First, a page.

Melamine (C3N6H6, molecular weight 126.12), also known as cyanuramide, is a synthetic product that forms reins with formaldehyde, and is used in a variety of products in which resin-based coatings are found. In experimental murine models, chronic melamine exposure resulted in the production of kidney stones or bladder stones.1 Chemical analysis of the calculi in experimental animals demonstrated equimolar amounts of melamine and uric acid, accounting for 61%—81% of the stone weight.2 Since melamine stone is loose and sand-like, it is likely to be expelled after a considerable amount of fluid is infused. After hyperkalemia and other electrolyte imbalances are corrected by medication and fluid is infused in the early period, some infants with oliguria have more urine for stone discharge while rapid recovery of renal function occured.3 However, the treatment of infants with severe oliguria or anuria should emphasize two aspects. First, urinary obstruction can be relieved surgically and urine drained; second, blood purification therapy is feasible for renal failure associated with severe hyperkalemia, electrolyte imbalances, and uremia.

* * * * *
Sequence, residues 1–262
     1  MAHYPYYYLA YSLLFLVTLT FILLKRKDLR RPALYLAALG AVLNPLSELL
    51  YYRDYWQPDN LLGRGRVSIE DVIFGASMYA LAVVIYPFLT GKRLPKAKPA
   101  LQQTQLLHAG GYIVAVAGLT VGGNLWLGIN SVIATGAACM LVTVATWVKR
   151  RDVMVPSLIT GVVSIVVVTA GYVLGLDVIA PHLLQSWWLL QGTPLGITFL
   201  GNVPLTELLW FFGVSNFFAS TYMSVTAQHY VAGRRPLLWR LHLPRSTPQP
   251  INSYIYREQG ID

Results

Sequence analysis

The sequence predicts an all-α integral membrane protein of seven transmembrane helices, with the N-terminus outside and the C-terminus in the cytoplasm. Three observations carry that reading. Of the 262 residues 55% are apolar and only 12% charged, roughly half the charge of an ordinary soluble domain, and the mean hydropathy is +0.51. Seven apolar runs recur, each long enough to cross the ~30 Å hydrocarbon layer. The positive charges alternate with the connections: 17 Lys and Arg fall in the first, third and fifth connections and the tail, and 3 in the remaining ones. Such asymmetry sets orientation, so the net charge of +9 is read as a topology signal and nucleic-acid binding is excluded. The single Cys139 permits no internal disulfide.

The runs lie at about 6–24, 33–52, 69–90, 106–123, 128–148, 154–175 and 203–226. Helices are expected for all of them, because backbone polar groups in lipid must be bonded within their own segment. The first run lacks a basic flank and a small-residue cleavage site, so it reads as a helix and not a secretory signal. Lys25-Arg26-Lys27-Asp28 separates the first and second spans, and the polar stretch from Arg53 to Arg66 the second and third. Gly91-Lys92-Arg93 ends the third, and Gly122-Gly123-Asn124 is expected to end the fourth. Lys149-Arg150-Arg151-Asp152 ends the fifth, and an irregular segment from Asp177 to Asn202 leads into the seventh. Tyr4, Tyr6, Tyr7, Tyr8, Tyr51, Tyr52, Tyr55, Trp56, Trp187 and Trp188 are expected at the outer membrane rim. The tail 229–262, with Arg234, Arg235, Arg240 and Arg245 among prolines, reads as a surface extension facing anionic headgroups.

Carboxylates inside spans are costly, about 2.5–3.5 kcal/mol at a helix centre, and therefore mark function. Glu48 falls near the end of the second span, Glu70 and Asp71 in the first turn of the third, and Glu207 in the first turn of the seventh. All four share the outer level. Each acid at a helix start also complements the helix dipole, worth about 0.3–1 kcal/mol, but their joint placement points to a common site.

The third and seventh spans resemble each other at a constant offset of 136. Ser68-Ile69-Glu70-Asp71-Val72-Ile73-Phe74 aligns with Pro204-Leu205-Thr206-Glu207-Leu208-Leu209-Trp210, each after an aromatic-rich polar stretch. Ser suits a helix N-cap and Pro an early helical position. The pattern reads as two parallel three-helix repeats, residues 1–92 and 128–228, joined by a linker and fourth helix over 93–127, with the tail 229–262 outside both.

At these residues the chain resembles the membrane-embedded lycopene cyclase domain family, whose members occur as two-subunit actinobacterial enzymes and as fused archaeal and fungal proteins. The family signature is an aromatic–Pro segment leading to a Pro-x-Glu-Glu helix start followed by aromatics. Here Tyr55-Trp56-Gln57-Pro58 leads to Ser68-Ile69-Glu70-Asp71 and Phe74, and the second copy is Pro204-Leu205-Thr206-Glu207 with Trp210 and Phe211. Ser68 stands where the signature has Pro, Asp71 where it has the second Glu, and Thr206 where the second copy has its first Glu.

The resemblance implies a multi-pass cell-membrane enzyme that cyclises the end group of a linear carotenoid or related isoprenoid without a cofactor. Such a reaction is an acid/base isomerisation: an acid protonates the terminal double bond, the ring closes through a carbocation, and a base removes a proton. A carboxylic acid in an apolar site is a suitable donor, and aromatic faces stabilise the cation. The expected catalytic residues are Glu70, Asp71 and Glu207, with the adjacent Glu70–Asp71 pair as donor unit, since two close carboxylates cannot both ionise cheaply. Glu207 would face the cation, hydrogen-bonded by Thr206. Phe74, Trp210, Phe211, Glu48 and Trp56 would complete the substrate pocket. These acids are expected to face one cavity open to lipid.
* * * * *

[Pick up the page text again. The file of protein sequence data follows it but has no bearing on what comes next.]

Blood purification modes include HD, PD, continuous renal replacement therapy (CRRT), blood perfusion, double filtration plasmapheresis (DFPP), hemodialysis etc. In the treatment of renal failure, HD and PD remove toxins by means of diffusion and ultrafiltrtion, and when applicable to small molecular weight solute, medium molecules, the free fraction will be dialysed. Since melamine has a low toxicity, infants with concretion in the urinary system do not require blood purification. If the infant suffers from acute renal failure, melamine could be removed through dialysis as melamine is a kind of small molecule substance. Therefore, if surgical intervention is impossible, blood purification is useful to help the infant pass the critical stage of acute renal failure. In this series of 13 infants treated with dialysis, renal function of 10 cases returned to normal urination 24–72 hours after dialysis; this was correlated with the correction of water imbalance, acidosis and urine alkalinization.